On Aug. 8 at Hal and Mal's, I had the chance to attend a meet-and-greet with the Memphis chapter of The Recording Academy, whose members decide who receives Grammy awards each year. The chapter's president, singer Susan Marshall, was there along with senior project manager Reid Wick of New Orleans and senior executive director Jon Hornyak of Memphis. It was an opportunity for those in the local and state music scene to pitch ideas and attain career advice from some heavy hitters in the industry.
The Recording Academy has 12 chapters in the United States, and the Memphis chapter is doing a great job at promoting the South's music to other cities and venues around the country. For almost 40 years, the chapter has presented countless workshops and programs throughout the South, featuring all types of music, ranging from blues to zydeco and even ragtime. The group has worked with Gov. Haley Barbour to honor Mississippi's Grammy winners. Our state has the most Grammy winners in the United States (Go, Mississippi!). The Memphis chapter also teamed up with the Grammy Foundation—which works to cultivate understanding, appreciation and advancement of recorded music's cultural contributions—to host the 2006 New Orleans Rising concerts in New Orleans and Los Angeles, Calif., which raised money for Gulf Coast-based musicians who lost everything when Hurricane Katrina hit the previous year.
Not only does The Recording Academy support every aspect of the music industry, it has created a musical network of organizations under its umbrella. Grammy U, for example, is for college students seeking a degree in the music industry and connects students with everyone from songwriters to sound engineers. For a membership fee of $50 a year through graduation, this provides music-industry hopefuls unlimited opportunities to work with record executives; direct involvement with artists such as Beyonce, Timbaland and John Mayer; and members-only tours to studios such as Sun Records, programs like Austin City Limits and even Fox Studios to learn about scoring films. If you are a college student and are interested in Grammy U, please visit the website to sign up at http://www.grammy365.com.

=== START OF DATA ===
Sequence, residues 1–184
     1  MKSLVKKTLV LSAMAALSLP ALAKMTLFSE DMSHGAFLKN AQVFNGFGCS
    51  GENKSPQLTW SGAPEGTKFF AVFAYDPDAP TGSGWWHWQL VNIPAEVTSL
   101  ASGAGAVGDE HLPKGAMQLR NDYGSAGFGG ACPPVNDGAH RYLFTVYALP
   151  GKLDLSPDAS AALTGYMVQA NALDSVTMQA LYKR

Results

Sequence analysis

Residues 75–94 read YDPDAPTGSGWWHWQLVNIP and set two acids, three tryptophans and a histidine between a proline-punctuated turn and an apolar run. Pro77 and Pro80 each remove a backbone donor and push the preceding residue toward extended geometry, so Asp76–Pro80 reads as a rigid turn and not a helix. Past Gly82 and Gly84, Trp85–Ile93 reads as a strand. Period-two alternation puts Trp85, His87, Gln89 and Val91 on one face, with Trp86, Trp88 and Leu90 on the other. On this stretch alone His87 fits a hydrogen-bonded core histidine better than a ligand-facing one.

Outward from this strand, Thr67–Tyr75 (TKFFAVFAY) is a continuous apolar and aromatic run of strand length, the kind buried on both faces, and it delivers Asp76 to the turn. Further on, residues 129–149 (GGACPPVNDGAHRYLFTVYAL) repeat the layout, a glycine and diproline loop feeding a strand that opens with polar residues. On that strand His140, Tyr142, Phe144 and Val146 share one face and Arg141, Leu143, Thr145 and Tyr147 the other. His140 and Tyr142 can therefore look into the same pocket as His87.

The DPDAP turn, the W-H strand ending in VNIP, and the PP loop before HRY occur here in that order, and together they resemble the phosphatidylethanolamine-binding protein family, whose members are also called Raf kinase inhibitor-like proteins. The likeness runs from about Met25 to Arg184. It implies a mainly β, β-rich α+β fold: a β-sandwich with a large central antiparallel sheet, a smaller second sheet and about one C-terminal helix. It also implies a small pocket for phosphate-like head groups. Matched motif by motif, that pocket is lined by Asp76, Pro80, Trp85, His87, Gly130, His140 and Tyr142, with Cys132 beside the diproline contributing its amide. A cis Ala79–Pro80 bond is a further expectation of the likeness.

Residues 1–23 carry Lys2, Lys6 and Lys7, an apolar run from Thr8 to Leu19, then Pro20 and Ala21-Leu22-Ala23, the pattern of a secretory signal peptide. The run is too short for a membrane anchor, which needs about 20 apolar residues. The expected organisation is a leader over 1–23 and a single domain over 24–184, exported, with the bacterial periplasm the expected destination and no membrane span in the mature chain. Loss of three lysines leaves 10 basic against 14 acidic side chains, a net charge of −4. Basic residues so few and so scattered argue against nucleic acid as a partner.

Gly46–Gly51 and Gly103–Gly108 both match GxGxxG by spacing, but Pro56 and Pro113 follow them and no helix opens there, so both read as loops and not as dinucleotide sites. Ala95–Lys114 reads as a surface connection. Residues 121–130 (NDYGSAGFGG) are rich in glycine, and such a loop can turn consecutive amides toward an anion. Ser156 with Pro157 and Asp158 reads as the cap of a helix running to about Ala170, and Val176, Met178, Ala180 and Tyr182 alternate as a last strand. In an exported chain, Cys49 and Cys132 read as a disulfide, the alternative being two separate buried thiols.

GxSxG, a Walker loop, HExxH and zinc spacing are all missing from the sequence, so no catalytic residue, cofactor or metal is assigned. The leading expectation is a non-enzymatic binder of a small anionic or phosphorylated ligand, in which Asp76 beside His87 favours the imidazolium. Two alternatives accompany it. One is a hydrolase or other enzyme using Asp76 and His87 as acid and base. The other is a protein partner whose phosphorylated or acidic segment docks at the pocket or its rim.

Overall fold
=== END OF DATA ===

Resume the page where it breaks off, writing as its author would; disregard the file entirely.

MusiCares is a foundation for musicians who may need assistance with medical care or finances due to unforeseen circumstances. It helped many Mississippi and Louisiana music makers recover or replace their instruments after Katrina. It also helps musicians who are recovering from addictions, getting the likes of Slash from Guns and Roses and Ozzy Osbourne to lend their talents and time to raise funds and help musicians get clean. To help down-on-their-luck musicians, go to http://www.grammy.com/musicares to become a part of MusiCares.
The Grammy Foundation has helped thousands of students follow their dream of becoming musicians through the Grammy in the Schools Program. In 2011, the program selected 36 high schools nationwide to receive cash grants from $2,500 to $15,000 for the schools' music programs. The Recording Academy also sponsors Grammys on the Hill (which represents musicians in Washington, D.C.), The Latin Recording Academy and the Grammy Museum in downtown Los Angeles, Calif.
For $100 a year, musicians can join The Recording Academy, which enables you to vote or nominate your favorite artists for a Grammy Award. The website grammy365.com also has information on the different types of memberships. Email any of The Recording Academy Memphis chapter's awesome staff if you have questions for them. Marshall, Wick and Hornyak are super nice, helpful and would be more than happy to help you in any way.
This week's music lineup in the Capital City is going to be awesome, so check out the music listings in this week's print edition and on our website at jfpmusic.com for any last-minute performances.
Have a great week, and if you see me out and about, please say hello!